More than 2 million people left homeless after flooding in July and August
Ramesh Devangodi emigrated from southern India to Edmonton, where he has built a successful career as restaurateur.
Now he's giving back to his native country, as it grapples with massive flooding, by holding a fundraiser on Sept. 9 at his newest location, Haweli South Common at 2104 99th St.
Almost 500 people are dead and more than 2 million have been left homeless after weeks of monsoon rains washed through the southern state of Kerala, causing the worst flooding in nearly a century.
The floods have also impacted neighbouring states.
With power down and no cellphone service, Devangodi frantically spent two weeks trying to reach his parents, who still live in a small town on the edge of Kerala, where he grew up. They were OK, but countless others are suffering.
"It's a disaster now," Devangodi told CBC's Edmonton AM. "Thousands of people lost their houses, no clean water, no transportation, no food supplies."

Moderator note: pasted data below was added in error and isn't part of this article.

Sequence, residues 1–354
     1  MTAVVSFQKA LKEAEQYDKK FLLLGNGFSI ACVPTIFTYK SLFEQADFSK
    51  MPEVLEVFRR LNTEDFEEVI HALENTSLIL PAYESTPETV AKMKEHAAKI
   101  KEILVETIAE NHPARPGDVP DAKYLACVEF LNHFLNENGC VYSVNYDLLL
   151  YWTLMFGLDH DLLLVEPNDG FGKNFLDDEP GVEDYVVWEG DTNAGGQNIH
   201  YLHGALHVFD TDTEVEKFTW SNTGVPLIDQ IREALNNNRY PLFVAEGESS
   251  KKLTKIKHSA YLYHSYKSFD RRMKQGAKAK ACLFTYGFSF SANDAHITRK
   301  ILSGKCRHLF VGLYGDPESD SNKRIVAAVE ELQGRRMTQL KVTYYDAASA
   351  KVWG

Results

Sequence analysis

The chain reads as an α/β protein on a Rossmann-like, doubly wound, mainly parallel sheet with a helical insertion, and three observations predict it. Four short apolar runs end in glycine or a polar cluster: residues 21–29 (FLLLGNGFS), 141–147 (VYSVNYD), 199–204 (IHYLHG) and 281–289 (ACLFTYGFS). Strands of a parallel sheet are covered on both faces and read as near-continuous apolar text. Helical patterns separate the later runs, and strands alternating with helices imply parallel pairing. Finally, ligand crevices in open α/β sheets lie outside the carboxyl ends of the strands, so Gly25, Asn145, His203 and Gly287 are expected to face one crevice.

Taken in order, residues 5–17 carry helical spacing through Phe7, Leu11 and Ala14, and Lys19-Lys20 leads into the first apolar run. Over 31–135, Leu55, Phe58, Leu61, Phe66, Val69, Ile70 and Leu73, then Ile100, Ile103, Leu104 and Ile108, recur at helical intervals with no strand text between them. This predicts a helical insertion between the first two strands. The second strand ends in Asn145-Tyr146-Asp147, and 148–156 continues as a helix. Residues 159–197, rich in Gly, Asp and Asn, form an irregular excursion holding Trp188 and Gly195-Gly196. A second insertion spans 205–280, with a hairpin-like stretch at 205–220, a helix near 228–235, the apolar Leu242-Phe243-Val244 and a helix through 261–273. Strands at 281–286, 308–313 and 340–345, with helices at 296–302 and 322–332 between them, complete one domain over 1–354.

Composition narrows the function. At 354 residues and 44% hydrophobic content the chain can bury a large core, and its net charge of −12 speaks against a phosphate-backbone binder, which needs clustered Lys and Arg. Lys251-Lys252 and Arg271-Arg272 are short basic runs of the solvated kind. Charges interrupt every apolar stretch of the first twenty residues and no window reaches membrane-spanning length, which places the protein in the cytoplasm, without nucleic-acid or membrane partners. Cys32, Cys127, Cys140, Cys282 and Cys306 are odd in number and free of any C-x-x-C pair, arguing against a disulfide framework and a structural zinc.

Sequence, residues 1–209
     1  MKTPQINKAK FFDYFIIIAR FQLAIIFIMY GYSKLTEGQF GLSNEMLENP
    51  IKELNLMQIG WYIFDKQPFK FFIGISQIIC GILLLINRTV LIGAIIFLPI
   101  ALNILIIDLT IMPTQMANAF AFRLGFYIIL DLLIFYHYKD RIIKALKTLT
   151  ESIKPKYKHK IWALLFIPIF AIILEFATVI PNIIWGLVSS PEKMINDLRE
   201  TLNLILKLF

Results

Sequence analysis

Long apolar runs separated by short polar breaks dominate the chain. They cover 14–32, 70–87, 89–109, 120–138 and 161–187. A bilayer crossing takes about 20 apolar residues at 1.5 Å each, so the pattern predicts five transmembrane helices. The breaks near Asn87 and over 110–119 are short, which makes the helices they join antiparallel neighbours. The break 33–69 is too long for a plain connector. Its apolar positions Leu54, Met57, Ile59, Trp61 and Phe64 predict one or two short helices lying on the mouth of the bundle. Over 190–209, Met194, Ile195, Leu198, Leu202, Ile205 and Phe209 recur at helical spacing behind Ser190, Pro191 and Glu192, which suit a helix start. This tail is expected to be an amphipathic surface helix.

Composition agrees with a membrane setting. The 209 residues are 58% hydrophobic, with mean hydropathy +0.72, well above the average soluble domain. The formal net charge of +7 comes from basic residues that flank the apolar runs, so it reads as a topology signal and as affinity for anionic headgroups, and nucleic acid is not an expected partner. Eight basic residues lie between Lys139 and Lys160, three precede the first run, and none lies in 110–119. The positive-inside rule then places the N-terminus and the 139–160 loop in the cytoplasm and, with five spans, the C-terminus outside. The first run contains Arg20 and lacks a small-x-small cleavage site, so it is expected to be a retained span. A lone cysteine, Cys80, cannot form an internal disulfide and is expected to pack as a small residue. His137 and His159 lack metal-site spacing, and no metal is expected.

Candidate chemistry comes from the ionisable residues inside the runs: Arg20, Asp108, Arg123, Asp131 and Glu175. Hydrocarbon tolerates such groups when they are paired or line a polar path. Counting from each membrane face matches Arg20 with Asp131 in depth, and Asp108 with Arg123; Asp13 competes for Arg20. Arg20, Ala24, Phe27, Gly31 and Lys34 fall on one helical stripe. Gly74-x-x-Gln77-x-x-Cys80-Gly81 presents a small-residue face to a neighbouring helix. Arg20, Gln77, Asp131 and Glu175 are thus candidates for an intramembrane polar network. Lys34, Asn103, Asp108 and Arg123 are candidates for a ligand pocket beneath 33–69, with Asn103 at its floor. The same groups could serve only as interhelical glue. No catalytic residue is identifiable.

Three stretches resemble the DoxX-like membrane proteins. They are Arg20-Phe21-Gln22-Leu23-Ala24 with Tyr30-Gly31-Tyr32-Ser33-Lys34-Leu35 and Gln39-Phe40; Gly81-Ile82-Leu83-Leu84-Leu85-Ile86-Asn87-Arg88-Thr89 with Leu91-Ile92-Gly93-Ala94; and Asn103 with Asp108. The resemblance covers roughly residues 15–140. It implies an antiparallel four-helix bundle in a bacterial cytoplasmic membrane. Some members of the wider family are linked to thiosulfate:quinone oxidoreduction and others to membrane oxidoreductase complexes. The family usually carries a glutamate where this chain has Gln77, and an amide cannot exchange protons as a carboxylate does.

- 'No land to be found' as India's Kerala state faces worst flooding in a century
Devangodi recalled living in the affected area in his youth, where temples and homes were built of stone to resist the rains. When flooding shut down the town, he happily stayed home from school for two weeks.
After completing his studies, Devangodi became a chef and eventually emigrated to Canada, where he has built a successful culinary business as the owner of New Asian Village and two locations of Haweli in the city.
"Now this is the time to give back to where I came from, loyal to both Canada and India," he said.
- Aid workers in India warn scale of flood damage still unclear
This is the first time Devangodi has raised money for India. He has previously contributed to local causes, such as the Salvation Army, cancer research and mental health supports for children.
Ramesh Devangodi is hosting a six-course meal at Haweli on Sept 9 to raise money for flood relief in India. (Ramesh Devangodi)